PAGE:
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Re: Help is obsolete

From: Kynn Bartlett <kynn-edapta@idyllmtn.com>
Date: Thu, 6 Dec 2001 08:53:16 -0800
Message-Id: <a05101007b83551958164@[]>
To: Al Gilman <asgilman@iamdigex.net>, w3c-wai-ig@w3.org
Cc: MKDoc developers list <mkdoc-devel@webarch.co.uk>
At 10:04 AM -0500 12/6/01, Al Gilman wrote:
>AG::  All of the people there could consider the evidence that separate,
>static pages for "help" are obsolete.

Is this presented from the view point of "how things really SHOULD work"
or is it based on user studies and observed behavior?

I think it may be too soon to declare one type of user assistance as
"obsolete" especially if that type is in widespread use on nearly
every operating system and application, from Windows help files to
Unix man files.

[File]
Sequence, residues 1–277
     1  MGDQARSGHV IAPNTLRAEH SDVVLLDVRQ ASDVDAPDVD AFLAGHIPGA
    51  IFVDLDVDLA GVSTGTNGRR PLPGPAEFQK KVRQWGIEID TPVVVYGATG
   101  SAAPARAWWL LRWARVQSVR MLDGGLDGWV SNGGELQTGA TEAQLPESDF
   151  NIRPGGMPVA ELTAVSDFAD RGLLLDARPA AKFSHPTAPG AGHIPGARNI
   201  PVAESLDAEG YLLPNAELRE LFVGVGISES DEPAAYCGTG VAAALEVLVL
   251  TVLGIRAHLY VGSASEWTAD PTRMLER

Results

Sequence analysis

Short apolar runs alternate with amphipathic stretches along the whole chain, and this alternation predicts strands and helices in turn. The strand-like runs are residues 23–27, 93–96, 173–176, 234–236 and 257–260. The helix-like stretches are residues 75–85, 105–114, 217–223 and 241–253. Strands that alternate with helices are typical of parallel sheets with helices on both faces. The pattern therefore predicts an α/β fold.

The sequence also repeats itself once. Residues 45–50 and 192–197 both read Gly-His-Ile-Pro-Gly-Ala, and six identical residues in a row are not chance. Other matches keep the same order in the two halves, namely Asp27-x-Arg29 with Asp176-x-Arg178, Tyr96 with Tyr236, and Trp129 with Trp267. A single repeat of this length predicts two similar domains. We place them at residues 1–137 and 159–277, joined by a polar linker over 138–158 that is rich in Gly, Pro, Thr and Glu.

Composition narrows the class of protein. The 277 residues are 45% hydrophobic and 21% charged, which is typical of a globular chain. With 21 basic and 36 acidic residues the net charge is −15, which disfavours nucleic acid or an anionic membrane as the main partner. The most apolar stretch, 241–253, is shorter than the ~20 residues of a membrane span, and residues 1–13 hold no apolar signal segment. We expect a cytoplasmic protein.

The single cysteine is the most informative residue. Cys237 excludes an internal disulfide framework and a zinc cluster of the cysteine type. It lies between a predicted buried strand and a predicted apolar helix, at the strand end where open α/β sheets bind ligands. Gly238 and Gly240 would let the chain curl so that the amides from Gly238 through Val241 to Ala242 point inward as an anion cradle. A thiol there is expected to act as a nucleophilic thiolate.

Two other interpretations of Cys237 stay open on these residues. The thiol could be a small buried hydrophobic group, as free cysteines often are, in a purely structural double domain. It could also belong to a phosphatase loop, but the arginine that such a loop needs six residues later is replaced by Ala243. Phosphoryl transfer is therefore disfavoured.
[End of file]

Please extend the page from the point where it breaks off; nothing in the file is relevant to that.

It's very common to identify specific items which "theoretically" are
not necessary, but which "in practice" are still desirable because
it will be expected and easily understood by users.  An example is
the left-hand navigation bar, which Jakob Nielsen agreed is inferior
but which he had to concede special dispensation based on widespread
use resulting in user expectations.

Do you have any studies to back up the assertion that static help pages
are obsolete?  (Are they obsolete in the way that books about computers
are "obsolete" too?)


Kynn Bartlett <kynn@idyllmtn.com>
Received on Thursday, 6 December 2001 12:26:24 UTC

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